Kalidos, Raju (1976) History and Culture of the Tamils. Dindigul: Vijay Publications.

Kalidos, Raju (1995) “A Note on the Kuṟaḷ”, East and West (Rome) 45.1-4, pp. 387-88.

Kalidos, Raju (2006) Encyclopaedia of Hindu Iconography: Early Medieval, III Śakti Goddesses. Delhi:

Sharada Pub.

Kalidos, Raju (2010) “Historical Setting of Caste and Communalism in India”. In Studies in Art History of

India, R.K.K. Rajarajan, S. Ganeshram (eds.) Delhi: Sharada Pub., pp. 49-80.

Kalidos, Raju (2015) History of the Tamil-bhakti Movement: Divyadeśas of Toṇṭaināṭu, Sir William Meyer

Endowment Lecture, University of Madras: Chennai 2015.

Kalidos, Raju (2017) “Tiruvaḷḷuvar and Viṣṇuism: Tirukkuṟaḷ vis-à-vis Nālāyiram”. In International

Conference on Tirukkuṟaḷ, John Samuel (ed.) Institute of Asian Studies: Cemmañcēri, pp. 126-31.

Kane P.V. (1930-62) History of Dharmaśāstra, 6 vols. Poona: Bhandarkar Research Institute.

Klostermaier, Robinson (2014) “Śrī and Viṣṇu: One God in Two Persons”, Religions of South Asia 8.2, pp.


Kosminski Y. (1965/1966) Professor Toynbee’s Philosophy of History. Moscow: Progress Publishers.

Maimēkalai, Kaḻakam ed. Chennai 1975.

Mevissen, Gerd J.R. (2000) Īṣat-pagu Śanaiścara, the Lame Planetary God Saturn and His vāhanasSouth

Asian Archaeology 1997…, In Maurizio Taddei & Guiseppe de Marco (eds.) Rome, pp. 1267-1297.

Mookerji, Radhakumud (1928/1972) Asoka. Delhi: Motilal.

Nācciyār Tirumoi, part of ‘Nālāyiram’.

Naiḍu, B. Purushothama (1951/2012) TiruvāymoĪṭu Uraiyin Tamiḻākkam in Tamil, 10 vols., Chennai: University of Madras.

Nāṉmuka Tiruantāti, part of ‘Nālāyiram’.

‘Nālāyiram’: Nālāyirativviyappirapantam (Tamil Text), 2 vols. (ed.) Little Flower, Chennai 1984/2008.

‘Nālāyiram’: See Rajarajan, Parthiban & Kalidos 2017.

Parimoo, Ratan (1991) et al. eds. The Art of Ajanta: New Perspectives, 2 vols. New Delhi: Books & Books.

Paripāṭal, Kaḻakam ed. Chennai 1957/1975.

Periya Tirumaal, part of ‘Nālāyiram’.

Pope G.U., see Tirukkua2005

Rajarajan R.K.K. (1991) “Further Light on Tirupparaṅkuṉṟam Caves”, Annali dell’ Istituto Universitario

Orientale (Naples) 51.4, pp. 394-408

Rajarajan R.K.K. (2006) Art of the Vijayanagara-Nāyakas: Architecture & Iconography, 2 vols. Delhi:Sharada Pub.

Rajarajan R.K.K. (2007) “Early Historical Setting of Kāñci and its Temples”, Journal of the Institute of

Asian Studies XXV.1, pp. 24-52.

Rajarajan R.K.K. (2012) “Antiquity of Divyakṣetras in Pāṇḍināḍu”, Acta Orientalia (Oslo) 73, pp. 59-103.

Rajarajan R.K.K. (2013) “Historical Sequence of Vaiṣṇava Divyadeśas: Sacred Venues of Viṣṇuism”, Acta

Orientalia 74, pp. 37-90.

Rajarajan R.K.K. (2014) “The Hoysala Mystery in Caṅkam Literature”, The Quarterly Journal of the

Mythic Society (QJMS) 105.2, pp. 9-19.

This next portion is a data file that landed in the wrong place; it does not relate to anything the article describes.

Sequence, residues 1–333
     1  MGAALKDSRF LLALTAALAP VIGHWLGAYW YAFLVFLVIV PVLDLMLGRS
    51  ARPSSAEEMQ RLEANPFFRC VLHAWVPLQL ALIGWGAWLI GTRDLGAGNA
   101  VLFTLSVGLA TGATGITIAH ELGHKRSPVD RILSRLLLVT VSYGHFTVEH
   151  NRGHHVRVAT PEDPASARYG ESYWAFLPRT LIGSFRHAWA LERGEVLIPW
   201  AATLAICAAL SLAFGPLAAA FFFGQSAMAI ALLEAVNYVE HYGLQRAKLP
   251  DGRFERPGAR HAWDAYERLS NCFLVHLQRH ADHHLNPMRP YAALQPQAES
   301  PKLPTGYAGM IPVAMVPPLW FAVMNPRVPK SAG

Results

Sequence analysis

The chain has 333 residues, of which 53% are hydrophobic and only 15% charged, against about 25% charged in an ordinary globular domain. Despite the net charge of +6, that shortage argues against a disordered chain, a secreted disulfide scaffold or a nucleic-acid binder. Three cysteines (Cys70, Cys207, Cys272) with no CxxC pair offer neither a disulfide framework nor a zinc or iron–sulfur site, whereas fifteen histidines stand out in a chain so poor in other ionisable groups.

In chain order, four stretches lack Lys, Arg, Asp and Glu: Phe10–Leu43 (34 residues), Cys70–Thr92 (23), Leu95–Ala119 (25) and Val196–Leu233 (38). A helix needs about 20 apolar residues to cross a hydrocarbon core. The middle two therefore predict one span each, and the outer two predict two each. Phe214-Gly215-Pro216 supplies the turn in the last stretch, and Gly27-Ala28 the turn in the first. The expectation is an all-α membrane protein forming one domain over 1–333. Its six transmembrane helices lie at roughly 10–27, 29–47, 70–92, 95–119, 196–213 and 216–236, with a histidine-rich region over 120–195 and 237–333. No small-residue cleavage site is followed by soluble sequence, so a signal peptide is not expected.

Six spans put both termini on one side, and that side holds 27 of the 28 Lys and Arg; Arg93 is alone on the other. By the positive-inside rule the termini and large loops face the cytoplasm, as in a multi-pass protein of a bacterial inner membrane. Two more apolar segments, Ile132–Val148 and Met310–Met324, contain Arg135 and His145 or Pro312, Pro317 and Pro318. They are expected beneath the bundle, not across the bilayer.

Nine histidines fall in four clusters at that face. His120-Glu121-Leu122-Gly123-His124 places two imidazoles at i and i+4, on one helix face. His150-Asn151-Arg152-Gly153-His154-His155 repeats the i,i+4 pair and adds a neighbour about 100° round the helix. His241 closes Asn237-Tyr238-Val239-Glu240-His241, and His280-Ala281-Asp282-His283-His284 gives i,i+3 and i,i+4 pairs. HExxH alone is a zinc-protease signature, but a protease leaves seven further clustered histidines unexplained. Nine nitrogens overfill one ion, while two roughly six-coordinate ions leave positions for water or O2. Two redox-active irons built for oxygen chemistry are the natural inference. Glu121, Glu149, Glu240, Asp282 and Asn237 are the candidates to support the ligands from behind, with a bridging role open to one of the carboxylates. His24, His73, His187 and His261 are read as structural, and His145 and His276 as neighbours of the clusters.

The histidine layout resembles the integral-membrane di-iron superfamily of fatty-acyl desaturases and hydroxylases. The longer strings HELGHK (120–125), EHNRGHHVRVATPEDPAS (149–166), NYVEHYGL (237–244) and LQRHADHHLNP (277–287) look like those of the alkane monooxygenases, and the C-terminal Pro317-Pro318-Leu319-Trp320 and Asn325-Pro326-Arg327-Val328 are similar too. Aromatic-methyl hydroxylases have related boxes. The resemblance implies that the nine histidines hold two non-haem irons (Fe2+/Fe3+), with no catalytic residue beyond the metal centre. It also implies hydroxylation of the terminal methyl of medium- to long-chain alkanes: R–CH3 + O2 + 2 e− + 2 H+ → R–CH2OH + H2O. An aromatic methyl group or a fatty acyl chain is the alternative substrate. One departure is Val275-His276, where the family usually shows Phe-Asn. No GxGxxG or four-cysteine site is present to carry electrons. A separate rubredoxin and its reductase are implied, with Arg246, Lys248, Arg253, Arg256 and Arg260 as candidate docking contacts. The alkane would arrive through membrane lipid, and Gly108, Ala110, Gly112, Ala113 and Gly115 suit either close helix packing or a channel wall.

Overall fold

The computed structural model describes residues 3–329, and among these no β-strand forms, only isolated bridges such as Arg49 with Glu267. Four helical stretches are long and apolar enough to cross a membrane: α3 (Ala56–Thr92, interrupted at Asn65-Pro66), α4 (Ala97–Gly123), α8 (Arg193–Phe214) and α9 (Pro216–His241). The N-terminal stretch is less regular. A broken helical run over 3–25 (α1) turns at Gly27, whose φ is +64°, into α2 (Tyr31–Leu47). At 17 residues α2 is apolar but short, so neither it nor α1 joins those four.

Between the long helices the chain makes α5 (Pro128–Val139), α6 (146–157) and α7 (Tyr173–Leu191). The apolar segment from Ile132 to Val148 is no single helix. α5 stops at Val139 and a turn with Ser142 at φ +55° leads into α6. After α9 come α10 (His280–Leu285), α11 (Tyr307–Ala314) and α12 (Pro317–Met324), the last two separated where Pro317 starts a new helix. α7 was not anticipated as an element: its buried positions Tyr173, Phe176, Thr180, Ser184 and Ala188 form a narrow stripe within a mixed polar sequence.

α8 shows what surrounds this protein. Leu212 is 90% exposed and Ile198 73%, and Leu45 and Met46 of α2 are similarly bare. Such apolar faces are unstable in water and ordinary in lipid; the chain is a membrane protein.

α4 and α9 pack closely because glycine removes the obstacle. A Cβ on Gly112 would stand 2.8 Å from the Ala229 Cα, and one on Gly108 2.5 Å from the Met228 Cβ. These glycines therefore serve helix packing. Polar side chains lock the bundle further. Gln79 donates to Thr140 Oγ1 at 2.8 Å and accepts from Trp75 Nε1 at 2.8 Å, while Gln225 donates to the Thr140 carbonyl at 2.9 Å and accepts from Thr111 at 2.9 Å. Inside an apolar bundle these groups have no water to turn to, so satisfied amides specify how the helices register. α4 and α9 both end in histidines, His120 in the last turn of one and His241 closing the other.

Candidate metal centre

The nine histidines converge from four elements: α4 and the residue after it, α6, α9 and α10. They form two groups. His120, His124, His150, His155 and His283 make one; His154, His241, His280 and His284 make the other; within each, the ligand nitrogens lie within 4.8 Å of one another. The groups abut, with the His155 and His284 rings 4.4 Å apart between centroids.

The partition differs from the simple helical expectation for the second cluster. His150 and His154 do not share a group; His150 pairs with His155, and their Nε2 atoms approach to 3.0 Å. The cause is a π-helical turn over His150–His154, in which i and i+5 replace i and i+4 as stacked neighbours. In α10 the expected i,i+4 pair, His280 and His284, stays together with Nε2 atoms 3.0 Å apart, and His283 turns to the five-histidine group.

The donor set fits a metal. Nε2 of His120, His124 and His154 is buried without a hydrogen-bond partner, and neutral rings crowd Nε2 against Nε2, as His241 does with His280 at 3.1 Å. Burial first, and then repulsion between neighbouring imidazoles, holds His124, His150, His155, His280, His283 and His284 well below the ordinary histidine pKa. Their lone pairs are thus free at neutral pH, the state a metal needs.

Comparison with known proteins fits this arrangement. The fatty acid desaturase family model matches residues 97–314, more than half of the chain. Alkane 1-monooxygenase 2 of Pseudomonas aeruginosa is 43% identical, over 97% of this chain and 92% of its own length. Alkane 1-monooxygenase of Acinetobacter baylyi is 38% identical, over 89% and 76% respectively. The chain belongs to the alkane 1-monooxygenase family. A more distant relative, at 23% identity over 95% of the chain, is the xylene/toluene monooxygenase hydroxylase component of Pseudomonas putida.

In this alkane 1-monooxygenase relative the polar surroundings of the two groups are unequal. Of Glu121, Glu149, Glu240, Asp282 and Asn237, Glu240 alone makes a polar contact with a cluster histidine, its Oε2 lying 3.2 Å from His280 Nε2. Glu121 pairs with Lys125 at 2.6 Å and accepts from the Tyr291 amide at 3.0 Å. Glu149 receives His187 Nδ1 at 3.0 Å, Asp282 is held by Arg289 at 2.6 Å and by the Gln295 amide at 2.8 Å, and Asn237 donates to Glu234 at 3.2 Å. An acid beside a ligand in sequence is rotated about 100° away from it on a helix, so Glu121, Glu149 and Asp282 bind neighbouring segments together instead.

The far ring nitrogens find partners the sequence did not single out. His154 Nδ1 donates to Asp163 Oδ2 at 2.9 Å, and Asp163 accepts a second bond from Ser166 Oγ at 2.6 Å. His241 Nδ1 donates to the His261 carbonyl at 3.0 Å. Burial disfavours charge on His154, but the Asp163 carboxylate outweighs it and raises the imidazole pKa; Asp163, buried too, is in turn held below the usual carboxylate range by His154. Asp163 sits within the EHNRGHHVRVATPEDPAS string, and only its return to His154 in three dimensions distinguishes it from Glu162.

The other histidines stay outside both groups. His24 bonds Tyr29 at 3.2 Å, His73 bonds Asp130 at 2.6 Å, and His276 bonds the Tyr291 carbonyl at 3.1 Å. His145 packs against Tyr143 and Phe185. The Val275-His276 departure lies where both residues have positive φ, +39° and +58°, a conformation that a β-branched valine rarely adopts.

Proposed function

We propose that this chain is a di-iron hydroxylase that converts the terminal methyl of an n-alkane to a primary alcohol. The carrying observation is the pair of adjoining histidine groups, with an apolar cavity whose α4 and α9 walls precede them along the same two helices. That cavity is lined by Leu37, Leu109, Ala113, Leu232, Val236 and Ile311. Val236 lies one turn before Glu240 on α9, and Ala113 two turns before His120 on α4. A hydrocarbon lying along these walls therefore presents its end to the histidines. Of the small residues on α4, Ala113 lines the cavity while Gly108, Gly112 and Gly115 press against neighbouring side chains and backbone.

Rajarajan R.K.K. (2014a) Reflections on Rāma-Setu in South Asian TraditionQJMS 105.3, pp. 1-14.

Rajarajan R.K.K. (2016) Masterpieces of Indian Literature and Art: Tears of Kaṇṇaki, Annals and

Iconology of the Cilappatikāram’. Delhi: Sharada Pub.

Rajarajan R.K.K. (2016a) “Am I a King, I am the thief: Yāṉō Aracaṉ Yāṉē Kaḷvaṉ”, QJMS 107.3, pp. 1-12.

Rajarajan R.K.K. (2016b) “Tirukkuḷam or Teppakkuḷam of South India: Jalavāstu?” Pandanus: Nature in

Literature, Art, Myth and Ritual 15.2, pp. 83-104.

Rajarajan R.K.K. (2018) If this is Citambaram-Nataraja, then where is Tillai-Kūttaṉ? An Introspective

Reading of Tēvāram Hymns. In Pedarapu Chenna Reddy, ed. History, Culture and Archaeological

Studies Recent Trends, Commemoration Volume to Prof. M.L.K. Murthy, Vol. II, Delhi: B.R.

Publishing Corporation, pp. 613-634, Pls. 54.1-6.

Rajarajan R.K.K. (2019) Deathbed, Breathing the Last, and Funeral Procession – Musing under the canopy

of history. The Chitrolekha Journal of Art and Design 3.1: 17-29.

Rajarajan R.K.K. & JEYAPRIYA Rajarajan (2013) Miṇākṣī-Sundareśvara: Tiruviaiyāṭa Purāṇam in

Letters, Design and Art. Delhi: Sharada Pub.

Rajarajan R.K.K., R.K. Parthiban & Raju Kalidos (2017) Samāpti-Suprabhātam Reflections on South

Indian Bhakti Tradition in Literature and Art. Delhi: Sharada Pub.

Rajarajan R.K.K., R.K. Parthiban & Raju Kalidos (2017) Hymns for Cosmic Harmony

‘Nālāyirativviyappirapantam’ Four-Thousand Divine Revelations (Roman Transcription, English Summary and Transcendence), 4 vols. MS (circa 2500 pages) Jawaharlal Nehru University: New Delhi.

Rajarajan R.K.K., R.K. Parthiban & R. Kalidos (2017a) Concise Dictionary of Viṣṇuism with special reference to ‘Nālāyiram’. MS (circa 2200 pages) Jawaharlal Nehru University: New Delhi.

Sachidanandan V. (1989) “Shakespeare and Milton in Tamil”, Journal of the Institute of Asian Studies 6.2,pp. 117-26.

Samuel John G. (2017) ed. International Conference on Thirukkural. Cemmāñcēri: Institute of Asian Studies.

Sarma M.V. Rama. (1989) “The Mahābhārata and Paradise Lost: Epics of Revelation”, Journal of the Institute of Asian Studies 6.2, pp. 35-44.

Sathyanathaier R. (1980) A Political and Cultural History of India, Vol. I. Viswanathan: Madras.

Settar S. (1986) Inviting Death: Historical Experiments on Sepulchral Hills. Dharwad: Institute of Art History.

Śivasahasranāma (2002) “Aṇṇā”, Śrī Rāmakrishṇa Maṭha: Mylapore.

Soundararajan K.V. (1981) Cave Temples of the Deccan. New Delhi: ASI.

Spink, Walter M. (1991) The Vakataka’s Flowering and Fall, [in.] Parimo et al. eds., pp. 71-99.

Śrītattvanidhi. (2007) K.S. Subrahmanya Sastri ed. Thanjavur: Sarasvatī Mahal Library.

Subrahmanian N. (1981) An Introduction to Tamil Literature. Madras: CLS.

Tamil Lexicon, 7 vols., University of Madras, Chennai 1982 (reprint).

Tēvāram, Kaḻakam ed. Chennai 1973.

Thapar, Romila (1963/1980) Aśoka and the Decline of the Mauryas. Delhi: OUP.

Tirukkual. Transl. G.U. Pope*, Uma Patippakam: Thanjavur. Translated in 1886/2005.